Madagascar’s diverse amphibian populations may be threatened by the infectious disease-causing chytrid fungus, a study in Scientific Reports suggests. Batrachochytrium dendrobatidis (Bd), which has not previously been reported in Madagascar, appears to have arrived recently. However, researchers cannot rule out the possibility that a native family of Bd has always been present but has previously remained undetected.
Chytridiomycosis, an emerging infectious disease caused by Bd, has been linked to population declines or even extinctions of amphibian species. The amphibian chytrid fungus has been detected on almost every continent, although there are some regions that are considered disease-free, including Papua New Guinea and Madagascar. However, Bd surveys carried out in Madagascar from 2005 to 2014 reveal the detection of Bd in wild amphibians in 2010, Molly Bletz, Goncalo Rosa, Franco Andreone and colleagues report. The fungus has been recorded in five different areas of the country between 2010 and 2014, but it is unclear whether Bd has been introduced to the island recently or if it is endemic.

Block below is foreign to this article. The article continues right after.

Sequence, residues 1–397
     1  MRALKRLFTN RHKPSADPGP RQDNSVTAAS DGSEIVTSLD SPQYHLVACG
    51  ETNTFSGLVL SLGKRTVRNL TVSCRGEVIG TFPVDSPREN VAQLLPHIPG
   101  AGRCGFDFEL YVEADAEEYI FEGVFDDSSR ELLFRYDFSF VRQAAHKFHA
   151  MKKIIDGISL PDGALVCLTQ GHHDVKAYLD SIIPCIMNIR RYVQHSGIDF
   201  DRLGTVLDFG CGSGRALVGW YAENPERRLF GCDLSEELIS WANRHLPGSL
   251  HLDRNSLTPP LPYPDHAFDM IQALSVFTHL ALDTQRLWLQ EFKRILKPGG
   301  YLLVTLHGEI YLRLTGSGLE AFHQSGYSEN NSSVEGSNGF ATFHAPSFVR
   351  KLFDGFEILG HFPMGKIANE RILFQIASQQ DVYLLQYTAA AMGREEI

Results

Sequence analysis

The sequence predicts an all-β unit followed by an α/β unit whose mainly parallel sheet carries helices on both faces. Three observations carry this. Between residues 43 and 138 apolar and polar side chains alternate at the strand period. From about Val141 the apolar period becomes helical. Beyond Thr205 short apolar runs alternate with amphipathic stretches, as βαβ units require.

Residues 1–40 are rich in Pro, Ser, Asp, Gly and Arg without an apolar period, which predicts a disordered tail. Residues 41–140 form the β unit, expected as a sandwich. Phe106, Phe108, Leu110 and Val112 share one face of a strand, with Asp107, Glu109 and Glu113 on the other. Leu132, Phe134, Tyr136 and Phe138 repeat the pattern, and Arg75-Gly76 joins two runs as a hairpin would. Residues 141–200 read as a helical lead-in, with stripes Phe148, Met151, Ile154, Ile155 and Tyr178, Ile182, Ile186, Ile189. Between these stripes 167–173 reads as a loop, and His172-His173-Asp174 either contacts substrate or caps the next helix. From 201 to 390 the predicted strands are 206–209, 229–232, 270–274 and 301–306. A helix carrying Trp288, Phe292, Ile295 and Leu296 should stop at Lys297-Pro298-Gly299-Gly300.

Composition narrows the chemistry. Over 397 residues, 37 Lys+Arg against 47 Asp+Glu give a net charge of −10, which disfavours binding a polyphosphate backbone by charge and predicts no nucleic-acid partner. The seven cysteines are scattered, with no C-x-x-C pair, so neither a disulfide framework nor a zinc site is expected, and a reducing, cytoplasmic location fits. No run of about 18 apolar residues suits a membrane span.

Evidence for negative effects associated with Bd presence in Madagascar is so far lacking: amphibians carrying the fungus have not displayed any signs of chytridiomycosis and no Bd-associated deaths have been reported. Nevertheless, the authors recommend continued monitoring of Bd presence in Madagascar to enable an effective response should the fungus become a threat to the local amphibian populations.